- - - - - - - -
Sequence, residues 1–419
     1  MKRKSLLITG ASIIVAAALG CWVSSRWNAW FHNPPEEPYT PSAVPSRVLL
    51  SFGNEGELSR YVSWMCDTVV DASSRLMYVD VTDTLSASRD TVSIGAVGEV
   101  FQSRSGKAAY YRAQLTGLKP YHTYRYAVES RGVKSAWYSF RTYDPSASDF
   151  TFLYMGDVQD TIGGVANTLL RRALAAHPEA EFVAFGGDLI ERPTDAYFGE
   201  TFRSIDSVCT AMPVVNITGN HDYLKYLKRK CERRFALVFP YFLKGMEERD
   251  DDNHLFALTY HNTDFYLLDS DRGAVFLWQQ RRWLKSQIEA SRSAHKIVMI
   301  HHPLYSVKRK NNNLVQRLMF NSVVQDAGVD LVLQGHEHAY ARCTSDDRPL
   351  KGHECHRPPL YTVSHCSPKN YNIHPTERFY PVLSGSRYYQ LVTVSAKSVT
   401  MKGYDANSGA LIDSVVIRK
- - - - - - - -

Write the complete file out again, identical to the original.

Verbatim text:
Sequence, residues 1–419
     1  MKRKSLLITG ASIIVAAALG CWVSSRWNAW FHNPPEEPYT PSAVPSRVLL
    51  SFGNEGELSR YVSWMCDTVV DASSRLMYVD VTDTLSASRD TVSIGAVGEV
   101  FQSRSGKAAY YRAQLTGLKP YHTYRYAVES RGVKSAWYSF RTYDPSASDF
   151  TFLYMGDVQD TIGGVANTLL RRALAAHPEA EFVAFGGDLI ERPTDAYFGE
   201  TFRSIDSVCT AMPVVNITGN HDYLKYLKRK CERRFALVFP YFLKGMEERD
   251  DDNHLFALTY HNTDFYLLDS DRGAVFLWQQ RRWLKSQIEA SRSAHKIVMI
   301  HHPLYSVKRK NNNLVQRLMF NSVVQDAGVD LVLQGHEHAY ARCTSDDRPL
   351  KGHECHRPPL YTVSHCSPKN YNIHPTERFY PVLSGSRYYQ LVTVSAKSVT
   401  MKGYDANSGA LIDSVVIRK